Report on Nyiragongo (DR Congo) — 30 April-6 May 2003
Smithsonian / US Geological Survey Weekly Volcanic Activity Report, 30 April-6 May 2003
Managing Editor: Gari Mayberry
Please cite this report as:
Global Volcanism Program, 2003. Report on Nyiragongo (DR Congo). In: Mayberry, G (ed.), Weekly Volcanic Activity Report, 30 April-6 May 2003. Smithsonian Institution and US Geological Survey.
1.52°S, 29.25°E; summit elev. 3470 m
All times are local (unless otherwise noted)
UN peace keepers in the Democratic Republic of Congo provided volcanologists an early May helicopter flight. This presented very clear views of Nyiragongo, including the scene inside the active crater. Viewers reported seeing a significant plume containing gas and ash rising high above the volcano. Such activity is typical at Nyiragongo, with its restless lava lake. The lake's molten surface appeared slightly larger than when seen during a field excursion to the crater rim during 22-24 April. The field excursion measured the plume at 5-6 km a.s.l. The also noted 5 distinct vents, almost continuous emissions of scoria, an agitated molten-lake surface that included emerging gas, and splashing lava thrown 50-60 m high. Occasional waves of lava rolled across portions of the crater floor and walls. Excursion members also witnessed crater-wall collapses taking place along the NW and S fracture zones. Widely felt earthquakes also continued in the region, presumably related to extension along the massive East African rift system.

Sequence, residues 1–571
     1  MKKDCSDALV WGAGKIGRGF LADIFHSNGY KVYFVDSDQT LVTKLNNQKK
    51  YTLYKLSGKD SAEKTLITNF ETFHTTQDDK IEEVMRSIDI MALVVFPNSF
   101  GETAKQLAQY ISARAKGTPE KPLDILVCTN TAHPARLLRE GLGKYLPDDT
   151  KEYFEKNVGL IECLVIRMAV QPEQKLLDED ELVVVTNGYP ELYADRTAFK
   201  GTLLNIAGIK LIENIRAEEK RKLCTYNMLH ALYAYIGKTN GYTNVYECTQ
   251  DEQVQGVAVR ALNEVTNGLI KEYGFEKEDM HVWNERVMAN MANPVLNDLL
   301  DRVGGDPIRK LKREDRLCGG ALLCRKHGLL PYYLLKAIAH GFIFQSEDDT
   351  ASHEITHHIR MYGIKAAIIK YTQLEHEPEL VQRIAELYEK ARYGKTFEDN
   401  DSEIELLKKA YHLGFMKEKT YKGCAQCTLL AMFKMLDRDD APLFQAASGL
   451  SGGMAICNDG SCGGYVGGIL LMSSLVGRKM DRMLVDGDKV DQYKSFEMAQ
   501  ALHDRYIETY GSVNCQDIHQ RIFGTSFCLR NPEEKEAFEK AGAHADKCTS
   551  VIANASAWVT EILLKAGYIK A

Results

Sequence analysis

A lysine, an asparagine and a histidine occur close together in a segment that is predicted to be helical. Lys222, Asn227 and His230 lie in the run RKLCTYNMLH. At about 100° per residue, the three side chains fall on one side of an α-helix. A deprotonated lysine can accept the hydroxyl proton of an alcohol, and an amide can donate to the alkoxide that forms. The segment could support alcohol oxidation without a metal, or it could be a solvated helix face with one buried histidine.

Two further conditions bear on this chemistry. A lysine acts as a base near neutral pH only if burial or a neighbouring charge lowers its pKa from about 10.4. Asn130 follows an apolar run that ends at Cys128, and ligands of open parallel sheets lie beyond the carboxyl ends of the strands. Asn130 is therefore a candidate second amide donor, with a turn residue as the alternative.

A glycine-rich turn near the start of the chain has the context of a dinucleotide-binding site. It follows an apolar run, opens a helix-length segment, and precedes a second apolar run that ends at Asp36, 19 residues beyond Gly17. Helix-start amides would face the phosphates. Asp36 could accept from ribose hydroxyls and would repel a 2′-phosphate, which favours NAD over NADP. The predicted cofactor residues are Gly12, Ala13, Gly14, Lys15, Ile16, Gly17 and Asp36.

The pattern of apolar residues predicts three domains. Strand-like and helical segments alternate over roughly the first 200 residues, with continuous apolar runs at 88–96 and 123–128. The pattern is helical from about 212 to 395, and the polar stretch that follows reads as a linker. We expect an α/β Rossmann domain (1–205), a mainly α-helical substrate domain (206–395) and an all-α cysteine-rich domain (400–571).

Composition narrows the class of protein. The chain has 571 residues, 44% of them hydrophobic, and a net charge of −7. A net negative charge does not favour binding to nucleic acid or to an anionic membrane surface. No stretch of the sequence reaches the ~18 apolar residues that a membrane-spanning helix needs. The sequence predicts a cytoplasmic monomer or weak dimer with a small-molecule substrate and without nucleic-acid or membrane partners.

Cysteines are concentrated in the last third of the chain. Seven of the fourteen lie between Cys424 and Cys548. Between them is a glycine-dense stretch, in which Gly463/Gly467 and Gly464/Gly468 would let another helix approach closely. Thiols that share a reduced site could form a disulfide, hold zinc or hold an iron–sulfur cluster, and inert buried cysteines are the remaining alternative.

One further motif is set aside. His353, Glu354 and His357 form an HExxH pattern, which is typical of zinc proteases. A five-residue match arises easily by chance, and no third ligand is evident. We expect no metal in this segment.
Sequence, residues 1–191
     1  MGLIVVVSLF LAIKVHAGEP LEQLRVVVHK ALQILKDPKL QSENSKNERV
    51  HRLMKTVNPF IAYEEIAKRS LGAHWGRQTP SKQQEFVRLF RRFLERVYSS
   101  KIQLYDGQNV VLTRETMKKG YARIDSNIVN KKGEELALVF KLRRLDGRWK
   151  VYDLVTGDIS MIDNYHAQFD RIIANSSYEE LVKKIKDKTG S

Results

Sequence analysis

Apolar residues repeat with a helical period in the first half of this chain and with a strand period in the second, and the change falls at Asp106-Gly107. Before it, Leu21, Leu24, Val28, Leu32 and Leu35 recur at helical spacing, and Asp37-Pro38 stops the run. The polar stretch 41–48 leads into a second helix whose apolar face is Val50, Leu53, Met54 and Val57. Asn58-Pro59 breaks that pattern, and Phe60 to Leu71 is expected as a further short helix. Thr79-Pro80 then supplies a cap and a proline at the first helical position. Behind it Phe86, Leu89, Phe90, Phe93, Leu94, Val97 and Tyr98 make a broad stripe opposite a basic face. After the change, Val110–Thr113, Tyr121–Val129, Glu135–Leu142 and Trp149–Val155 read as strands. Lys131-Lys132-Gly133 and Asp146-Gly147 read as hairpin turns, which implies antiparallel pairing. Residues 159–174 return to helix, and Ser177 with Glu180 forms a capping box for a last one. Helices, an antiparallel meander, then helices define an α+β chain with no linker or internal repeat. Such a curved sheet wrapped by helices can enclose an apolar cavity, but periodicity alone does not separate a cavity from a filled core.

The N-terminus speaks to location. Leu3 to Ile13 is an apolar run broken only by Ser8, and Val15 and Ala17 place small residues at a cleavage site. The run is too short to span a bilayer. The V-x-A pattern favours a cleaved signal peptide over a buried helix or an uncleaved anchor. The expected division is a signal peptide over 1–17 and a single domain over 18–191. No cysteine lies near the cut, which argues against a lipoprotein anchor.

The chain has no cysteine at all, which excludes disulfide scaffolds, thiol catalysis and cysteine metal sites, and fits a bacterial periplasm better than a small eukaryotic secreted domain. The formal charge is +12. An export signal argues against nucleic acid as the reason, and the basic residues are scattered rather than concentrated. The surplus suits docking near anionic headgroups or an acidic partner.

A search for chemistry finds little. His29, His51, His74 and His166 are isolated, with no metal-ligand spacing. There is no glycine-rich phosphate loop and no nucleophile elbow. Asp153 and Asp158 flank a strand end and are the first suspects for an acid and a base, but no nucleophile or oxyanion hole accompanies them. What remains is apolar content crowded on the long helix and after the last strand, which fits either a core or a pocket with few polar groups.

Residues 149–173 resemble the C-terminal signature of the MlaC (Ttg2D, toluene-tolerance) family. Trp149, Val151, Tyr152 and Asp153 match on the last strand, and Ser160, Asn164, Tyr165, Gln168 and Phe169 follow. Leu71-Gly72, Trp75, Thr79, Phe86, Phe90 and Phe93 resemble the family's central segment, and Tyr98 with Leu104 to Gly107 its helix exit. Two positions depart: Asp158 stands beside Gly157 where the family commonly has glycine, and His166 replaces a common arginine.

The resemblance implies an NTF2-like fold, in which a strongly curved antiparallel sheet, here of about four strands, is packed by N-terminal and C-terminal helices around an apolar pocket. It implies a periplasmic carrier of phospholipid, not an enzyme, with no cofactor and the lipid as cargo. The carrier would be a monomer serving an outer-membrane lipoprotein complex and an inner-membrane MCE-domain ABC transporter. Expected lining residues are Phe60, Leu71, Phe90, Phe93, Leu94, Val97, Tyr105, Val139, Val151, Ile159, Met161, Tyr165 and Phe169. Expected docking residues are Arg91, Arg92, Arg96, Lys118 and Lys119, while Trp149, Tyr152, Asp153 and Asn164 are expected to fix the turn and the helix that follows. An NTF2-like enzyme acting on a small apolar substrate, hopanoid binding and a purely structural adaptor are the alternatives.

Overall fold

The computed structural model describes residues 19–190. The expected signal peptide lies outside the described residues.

Geologic Background. One of Africa's most notable volcanoes, Nyiragongo contained a lava lake in its deep summit crater that was active for half a century before draining catastrophically through its outer flanks in 1977. The steep slopes of a stratovolcano contrast to the low profile of its neighboring shield volcano, Nyamuragira. Benches in the steep-walled, 1.2-km-wide summit crater mark levels of former lava lakes, which have been observed since the late-19th century. Two older stratovolcanoes, Baruta and Shaheru, are partially overlapped by Nyiragongo on the north and south. About 100 parasitic cones are located primarily along radial fissures south of Shaheru, east of the summit, and along a NE-SW zone extending as far as Lake Kivu. Many cones are buried by voluminous lava flows that extend long distances down the flanks, which is characterized by the eruption of foiditic rocks. The extremely fluid 1977 lava flows caused many fatalities, as did lava flows that inundated portions of the major city of Goma in January 2002.
Sources: Observatoire Volcanologique de Goma (OVG), The Open University Volcano Dynamics Group